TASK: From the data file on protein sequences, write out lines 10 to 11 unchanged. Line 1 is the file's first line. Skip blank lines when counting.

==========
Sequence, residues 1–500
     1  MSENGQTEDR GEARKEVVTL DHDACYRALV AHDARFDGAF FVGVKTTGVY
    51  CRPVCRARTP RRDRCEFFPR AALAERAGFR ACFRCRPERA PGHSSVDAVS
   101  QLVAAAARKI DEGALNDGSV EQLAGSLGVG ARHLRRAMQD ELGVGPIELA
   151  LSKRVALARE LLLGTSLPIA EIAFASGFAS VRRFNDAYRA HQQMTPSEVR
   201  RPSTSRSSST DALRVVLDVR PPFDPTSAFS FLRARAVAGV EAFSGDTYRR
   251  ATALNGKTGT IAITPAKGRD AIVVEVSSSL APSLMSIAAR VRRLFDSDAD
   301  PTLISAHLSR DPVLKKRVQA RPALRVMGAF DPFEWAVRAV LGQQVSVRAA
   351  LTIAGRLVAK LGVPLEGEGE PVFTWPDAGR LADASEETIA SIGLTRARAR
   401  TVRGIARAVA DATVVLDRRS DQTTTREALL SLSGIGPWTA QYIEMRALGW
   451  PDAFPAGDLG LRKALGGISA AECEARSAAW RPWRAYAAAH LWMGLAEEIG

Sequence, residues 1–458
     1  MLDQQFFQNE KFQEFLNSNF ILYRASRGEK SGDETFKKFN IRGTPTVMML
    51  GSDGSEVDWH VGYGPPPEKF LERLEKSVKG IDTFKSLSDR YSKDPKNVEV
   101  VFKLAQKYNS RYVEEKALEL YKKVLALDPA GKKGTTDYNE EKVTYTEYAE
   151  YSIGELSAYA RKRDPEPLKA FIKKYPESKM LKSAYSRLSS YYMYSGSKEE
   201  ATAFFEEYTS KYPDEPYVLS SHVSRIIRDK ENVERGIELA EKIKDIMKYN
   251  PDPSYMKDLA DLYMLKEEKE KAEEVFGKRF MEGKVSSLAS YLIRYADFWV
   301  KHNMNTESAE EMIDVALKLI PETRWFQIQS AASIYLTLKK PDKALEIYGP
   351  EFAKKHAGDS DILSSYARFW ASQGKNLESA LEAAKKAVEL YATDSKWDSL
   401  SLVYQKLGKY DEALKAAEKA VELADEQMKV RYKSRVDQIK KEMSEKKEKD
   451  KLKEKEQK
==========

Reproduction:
   401  TVRGIARAVA DATVVLDRRS DQTTTREALL SLSGIGPWTA QYIEMRALGW
   451  PDAFPAGDLG LRKALGGISA AECEARSAAW RPWRAYAAAH LWMGLAEEIG